continuation and against its dissolution and nullity. It cannot be dissolved at the whim of
the parties nor by transgressions made by one party to the other during the
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marriage. Republic of the Philippines vs. Cesar Encelan; G.R. No. 170022. January 9,
2013
Possession; de jure vs. de facto nature of possession; elements of forcible
entry. Ownership carries the right of possession, but the possession contemplated by
the concept of ownership is not exactly the same as the possession in issue in a forcible
entry case. Possession in forcible entry suits refers only to possession de facto, or
actual or material possession, and not possession flowing out of ownership;these are
different legal concepts for which the law provides different remedies for recovery of
possession. As the court explained in Pajuyo v. Court of Appeals, and again in the more
recent cases of Gonzaga v. Court of Appeals, De Grano v. Lacaba, and Lagazo v.
Soriano, the word possession in forcible entry suits refers to nothing more than prior
physical possession or possession de facto, not possession de jure or legal possession
in the sense contemplated in civil law. Title is not the issue, and its absence is not a
ground for the courts to withhold relief from the parties in an ejectment case. Thus, in a
forcible entry case, a party who can prove prior possession can recover such
possession even against the owner himself.
Whatever may be the character of his possession, if he has in his favor prior possession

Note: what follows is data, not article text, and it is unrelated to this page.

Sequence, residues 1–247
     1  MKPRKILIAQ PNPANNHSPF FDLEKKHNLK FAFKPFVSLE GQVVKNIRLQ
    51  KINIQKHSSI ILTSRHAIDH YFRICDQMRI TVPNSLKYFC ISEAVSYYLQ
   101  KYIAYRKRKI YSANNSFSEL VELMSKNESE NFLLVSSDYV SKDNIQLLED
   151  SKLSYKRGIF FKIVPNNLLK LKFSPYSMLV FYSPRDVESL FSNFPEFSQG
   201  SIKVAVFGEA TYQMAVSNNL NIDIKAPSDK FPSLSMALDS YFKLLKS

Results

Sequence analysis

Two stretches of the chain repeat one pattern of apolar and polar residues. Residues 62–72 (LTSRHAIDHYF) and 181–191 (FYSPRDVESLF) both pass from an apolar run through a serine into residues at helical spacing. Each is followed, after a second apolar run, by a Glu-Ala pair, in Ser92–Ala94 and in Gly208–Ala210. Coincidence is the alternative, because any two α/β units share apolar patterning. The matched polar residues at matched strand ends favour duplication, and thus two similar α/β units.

in time, he has the security that entitles him to remain on the property until a person with
a better right lawfully ejects him. He cannot be ejected by force, violence or terror
not even by its owners. For these reasons, an action for forcible entry is summary in
nature aimed only at providing an expeditious means of protecting actual possession.
Ejectment suits are intended to prevent breach of x x x peace and criminal disorder and
to compel the party out of possession to respect and resort to the law alone to obtain
what he claims is his. Thus, lest the purpose of these summary proceedings be
defeated, any discussion or issue of ownership is avoided unless it is necessary to
resolve the issue of de facto possession.
Under Section 1, Rule 70 of the Rules of Court, for a forcible entry suit to prosper, the
plaintiff must allege and prove: (1) prior physical possession of the property; and (2)
unlawful deprivation of it by the defendant through force, intimidation, strategy, threat or
stealth. As in any civil case, the burden of proof lies with the complainants (the
respondents in this case) who must establish their case by preponderance of
evidence. Nenita Quality Foods Corporation vs. Crisostomo Galabo, et al.; G.R. No.
174191. January 30, 2013
Quasi-contracts; definition; requisites of solutio indebiti. A quasi-contract involves a
juridical relation that the law creates on the basis of certain voluntary, unilateral and
lawful acts of a person, to avoid unjust enrichment. The Civil Code provides an
enumeration of quasi-contracts, but the list is not exhaustive and merely provides
examples.
Article 2154 embodies the concept solutio indebiti which arises when something is
delivered through mistake to a person who has no right to demand it. It obligates the
latter to return what has been received through mistake. Solutio indebiti, as defined in
Article 2154 of the Civil Code, has two indispensable requisites: first, that something